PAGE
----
LOS ANGELES (AP) — New Los Angeles County District Attorney George Gascón, seeking to revamp the nation’s largest prosecutor’s office with progressive policies, said Monday after taking office that cash bail will be ended for many offenses and sentences in thousands of cases will be reevaluated.
Gascón, in remarks after taking his oath of office, took aim at his predecessors in recent decades — calling Los Angeles “a poster child for the failed tough-on-crime approach.”
“The status quo hasn’t made us safer,” he said during a live-streamed ceremony.
A former San Francisco district attorney and assistant Los Angeles police chief, Gascón has already drawn the ire of prosecutors in his own office, as well as members of the Los Angeles Police Department.
His first major meeting upon winning his race was with Black Lives Matter organizers, who were critical of outgoing District Attorney Jackie Lacey.
Gascón beat Lacey, the first woman and Black person to run the office, in a fraught election last month as part of a wave of progressive prosecutors elected nationwide. The position is among the most powerful in the state and nationwide.
Gascón also said his office would reevaluate and potentially resentence defendants who had been convicted with enhancements or California’s three-strike law, which requires state prison terms of 25 years to life. Gascón estimated such a move could affect at least 20,000 cases.
Gascón additionally vowed to stop charging juveniles as adults, cease using sentencing enhancements, prohibit prosecutors from seeking the death penalty — including withdrawing capital punishment filings in current prosecutions — and reopen at least four investigations of controversial shootings by police in which Lacey’s office had declined prosecutions.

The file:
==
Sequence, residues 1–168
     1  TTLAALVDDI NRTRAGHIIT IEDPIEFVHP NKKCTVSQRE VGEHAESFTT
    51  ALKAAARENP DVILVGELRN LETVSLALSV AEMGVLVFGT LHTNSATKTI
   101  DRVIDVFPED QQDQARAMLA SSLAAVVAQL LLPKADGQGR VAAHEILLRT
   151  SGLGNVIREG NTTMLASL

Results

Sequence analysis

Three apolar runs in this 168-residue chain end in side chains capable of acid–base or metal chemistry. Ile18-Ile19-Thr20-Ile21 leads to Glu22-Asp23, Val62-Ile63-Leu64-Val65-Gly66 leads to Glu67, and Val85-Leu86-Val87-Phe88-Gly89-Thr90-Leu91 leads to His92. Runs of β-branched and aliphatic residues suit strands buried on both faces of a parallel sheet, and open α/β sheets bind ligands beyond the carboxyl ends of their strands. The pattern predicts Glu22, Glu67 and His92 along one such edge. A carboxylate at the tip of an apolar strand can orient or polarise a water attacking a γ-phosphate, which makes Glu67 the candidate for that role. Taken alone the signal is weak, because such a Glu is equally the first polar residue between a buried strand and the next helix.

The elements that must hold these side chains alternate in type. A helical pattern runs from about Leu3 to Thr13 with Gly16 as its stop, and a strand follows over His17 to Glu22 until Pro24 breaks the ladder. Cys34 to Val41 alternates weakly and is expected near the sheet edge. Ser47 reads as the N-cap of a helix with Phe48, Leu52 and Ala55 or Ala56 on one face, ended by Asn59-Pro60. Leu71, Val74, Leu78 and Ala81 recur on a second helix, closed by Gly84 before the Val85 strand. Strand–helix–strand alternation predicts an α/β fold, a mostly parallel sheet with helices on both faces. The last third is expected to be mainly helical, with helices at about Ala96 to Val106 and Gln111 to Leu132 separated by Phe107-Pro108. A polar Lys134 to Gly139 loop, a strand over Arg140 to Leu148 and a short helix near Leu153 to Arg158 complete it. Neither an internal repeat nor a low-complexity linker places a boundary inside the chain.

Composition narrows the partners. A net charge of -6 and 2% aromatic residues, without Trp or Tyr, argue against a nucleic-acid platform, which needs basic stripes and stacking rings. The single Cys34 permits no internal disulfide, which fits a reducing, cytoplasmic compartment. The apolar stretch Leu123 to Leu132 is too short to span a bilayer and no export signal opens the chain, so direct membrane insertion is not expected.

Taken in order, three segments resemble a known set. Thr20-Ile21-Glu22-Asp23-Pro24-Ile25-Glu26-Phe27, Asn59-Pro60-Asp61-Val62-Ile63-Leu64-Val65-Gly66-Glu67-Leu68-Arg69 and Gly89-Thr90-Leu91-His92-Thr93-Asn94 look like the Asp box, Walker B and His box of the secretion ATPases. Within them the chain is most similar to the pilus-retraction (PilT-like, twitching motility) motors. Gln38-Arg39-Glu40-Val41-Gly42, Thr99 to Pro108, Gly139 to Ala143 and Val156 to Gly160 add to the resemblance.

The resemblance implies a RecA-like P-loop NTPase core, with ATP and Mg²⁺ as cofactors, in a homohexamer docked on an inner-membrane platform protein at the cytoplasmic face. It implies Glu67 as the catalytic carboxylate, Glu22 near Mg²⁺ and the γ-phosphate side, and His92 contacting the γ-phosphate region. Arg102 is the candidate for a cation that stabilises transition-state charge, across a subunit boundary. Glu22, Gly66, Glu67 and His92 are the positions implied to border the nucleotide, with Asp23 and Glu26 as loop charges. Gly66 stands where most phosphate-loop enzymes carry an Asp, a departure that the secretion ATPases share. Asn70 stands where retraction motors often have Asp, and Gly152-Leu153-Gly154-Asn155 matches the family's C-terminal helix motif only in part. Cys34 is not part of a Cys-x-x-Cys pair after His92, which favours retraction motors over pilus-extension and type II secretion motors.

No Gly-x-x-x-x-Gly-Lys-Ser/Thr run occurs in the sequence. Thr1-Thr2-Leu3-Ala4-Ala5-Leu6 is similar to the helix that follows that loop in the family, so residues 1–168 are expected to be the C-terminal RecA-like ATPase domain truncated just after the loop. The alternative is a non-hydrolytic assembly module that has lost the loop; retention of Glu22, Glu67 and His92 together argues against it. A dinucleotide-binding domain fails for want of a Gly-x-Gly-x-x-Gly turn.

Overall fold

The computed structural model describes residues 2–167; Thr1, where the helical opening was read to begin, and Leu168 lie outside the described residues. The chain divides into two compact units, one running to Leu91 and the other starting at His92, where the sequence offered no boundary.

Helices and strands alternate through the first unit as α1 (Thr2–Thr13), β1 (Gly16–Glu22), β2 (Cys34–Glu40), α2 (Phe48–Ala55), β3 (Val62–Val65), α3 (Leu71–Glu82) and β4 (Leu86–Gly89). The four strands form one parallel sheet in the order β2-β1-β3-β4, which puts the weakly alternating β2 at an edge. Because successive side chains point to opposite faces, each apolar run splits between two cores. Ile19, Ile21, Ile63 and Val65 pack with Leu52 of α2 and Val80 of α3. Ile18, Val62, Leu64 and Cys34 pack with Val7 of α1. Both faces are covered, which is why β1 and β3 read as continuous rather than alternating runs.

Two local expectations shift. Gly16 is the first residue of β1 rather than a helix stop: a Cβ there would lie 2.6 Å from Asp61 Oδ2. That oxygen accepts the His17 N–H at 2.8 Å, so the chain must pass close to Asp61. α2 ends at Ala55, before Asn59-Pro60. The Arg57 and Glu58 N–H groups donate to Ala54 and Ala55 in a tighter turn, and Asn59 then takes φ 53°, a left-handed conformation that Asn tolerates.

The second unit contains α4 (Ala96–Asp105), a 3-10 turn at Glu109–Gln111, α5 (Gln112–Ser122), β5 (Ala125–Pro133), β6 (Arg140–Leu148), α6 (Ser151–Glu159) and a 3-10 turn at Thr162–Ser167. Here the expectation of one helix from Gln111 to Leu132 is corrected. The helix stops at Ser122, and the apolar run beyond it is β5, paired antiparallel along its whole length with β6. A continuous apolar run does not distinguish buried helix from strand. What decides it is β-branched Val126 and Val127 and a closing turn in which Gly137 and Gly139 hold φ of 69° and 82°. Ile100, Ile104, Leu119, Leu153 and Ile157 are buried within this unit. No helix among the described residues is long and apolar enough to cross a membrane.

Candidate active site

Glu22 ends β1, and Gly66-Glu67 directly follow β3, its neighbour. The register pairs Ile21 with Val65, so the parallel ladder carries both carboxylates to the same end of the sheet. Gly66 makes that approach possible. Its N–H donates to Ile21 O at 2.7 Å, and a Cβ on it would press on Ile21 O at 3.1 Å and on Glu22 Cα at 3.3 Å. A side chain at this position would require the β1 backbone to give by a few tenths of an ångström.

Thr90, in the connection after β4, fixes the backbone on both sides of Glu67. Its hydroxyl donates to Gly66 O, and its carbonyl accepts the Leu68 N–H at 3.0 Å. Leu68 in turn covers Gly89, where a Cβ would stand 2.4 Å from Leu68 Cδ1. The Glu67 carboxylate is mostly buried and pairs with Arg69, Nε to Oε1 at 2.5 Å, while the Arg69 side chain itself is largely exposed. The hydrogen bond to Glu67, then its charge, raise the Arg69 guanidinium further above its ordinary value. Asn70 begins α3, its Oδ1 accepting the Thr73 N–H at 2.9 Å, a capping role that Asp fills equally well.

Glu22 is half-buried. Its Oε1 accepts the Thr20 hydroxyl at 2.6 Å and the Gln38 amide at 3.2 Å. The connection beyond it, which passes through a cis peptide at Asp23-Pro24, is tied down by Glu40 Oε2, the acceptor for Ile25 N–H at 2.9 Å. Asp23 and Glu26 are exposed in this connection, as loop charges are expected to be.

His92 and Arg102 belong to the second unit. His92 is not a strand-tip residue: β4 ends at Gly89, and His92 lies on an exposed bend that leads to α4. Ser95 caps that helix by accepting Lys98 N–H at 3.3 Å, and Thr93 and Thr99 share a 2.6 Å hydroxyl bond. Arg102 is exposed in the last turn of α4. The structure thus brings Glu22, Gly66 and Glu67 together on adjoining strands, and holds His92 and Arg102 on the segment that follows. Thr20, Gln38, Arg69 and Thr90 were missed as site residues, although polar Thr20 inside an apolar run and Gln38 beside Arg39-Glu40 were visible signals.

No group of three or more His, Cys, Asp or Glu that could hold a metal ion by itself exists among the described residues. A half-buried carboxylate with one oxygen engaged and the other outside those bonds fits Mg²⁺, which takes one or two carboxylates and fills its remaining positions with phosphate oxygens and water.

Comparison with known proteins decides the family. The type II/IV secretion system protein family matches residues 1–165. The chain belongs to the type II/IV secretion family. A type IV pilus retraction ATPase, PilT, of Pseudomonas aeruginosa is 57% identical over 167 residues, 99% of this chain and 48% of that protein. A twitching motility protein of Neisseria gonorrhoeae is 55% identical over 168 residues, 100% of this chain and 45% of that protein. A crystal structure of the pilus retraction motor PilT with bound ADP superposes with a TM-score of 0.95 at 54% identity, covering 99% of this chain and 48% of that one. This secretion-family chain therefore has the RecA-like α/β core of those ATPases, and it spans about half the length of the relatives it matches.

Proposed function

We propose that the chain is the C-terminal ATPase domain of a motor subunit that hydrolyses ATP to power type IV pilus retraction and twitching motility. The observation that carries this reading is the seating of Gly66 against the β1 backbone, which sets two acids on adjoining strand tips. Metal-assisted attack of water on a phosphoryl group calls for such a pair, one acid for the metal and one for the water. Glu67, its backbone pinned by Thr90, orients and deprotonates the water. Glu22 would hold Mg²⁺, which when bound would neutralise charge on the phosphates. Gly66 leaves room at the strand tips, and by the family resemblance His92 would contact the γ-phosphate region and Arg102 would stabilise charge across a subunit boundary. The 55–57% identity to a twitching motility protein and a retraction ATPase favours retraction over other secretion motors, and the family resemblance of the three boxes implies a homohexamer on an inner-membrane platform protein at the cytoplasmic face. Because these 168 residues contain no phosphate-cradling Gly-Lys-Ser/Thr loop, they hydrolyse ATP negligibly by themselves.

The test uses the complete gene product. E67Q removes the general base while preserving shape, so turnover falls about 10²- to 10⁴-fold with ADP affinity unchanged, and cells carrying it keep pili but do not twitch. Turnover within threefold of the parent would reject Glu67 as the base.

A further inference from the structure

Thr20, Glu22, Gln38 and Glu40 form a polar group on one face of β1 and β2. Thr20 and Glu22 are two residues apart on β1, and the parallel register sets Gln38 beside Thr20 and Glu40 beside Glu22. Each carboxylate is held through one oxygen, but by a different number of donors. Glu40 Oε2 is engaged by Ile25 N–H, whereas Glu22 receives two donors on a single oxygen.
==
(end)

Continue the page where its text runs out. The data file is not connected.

The new district attorney said his prosecutors would no longer request cash bail for any misdemeanor crimes, as well as any felony offenses that are not serious and violent.
Defendants currently awaiting trial in jail “because they can’t afford to purchase their freedom” may request new court hearings to be released, Gascón said.
The Association of Deputy District Attorneys, the union that represents the office’s prosecutors, previously opposed much of Gascón’s platform during the campaign.
“The leadership has not reviewed the documents from the new DA, nor has the Board had an opportunity to discuss the proposals” the association said in a statement Monday.
The Los Angeles Police Protective League, which is for rank-and-file police officers and heavily supported Lacey, blasted Gascón new policies after his speech.
“As homicides, shooting victims and shots fired into occupied homes soar in Los Angeles, it’s disturbing that Gascon’s first act in office is to explore every avenue possible to release from jail those responsible for this bloodshed,” the union’s board of directors said in a statement Monday. “These victims and law-abiding residents lost a voice today while criminals and gang members gained an ally in the prosecutor’s office.”
The district attorney’s office will also work to divert people into behavioral health services if they have been arrested on low-level offenses related to poverty, addiction, mental illness and homelessness.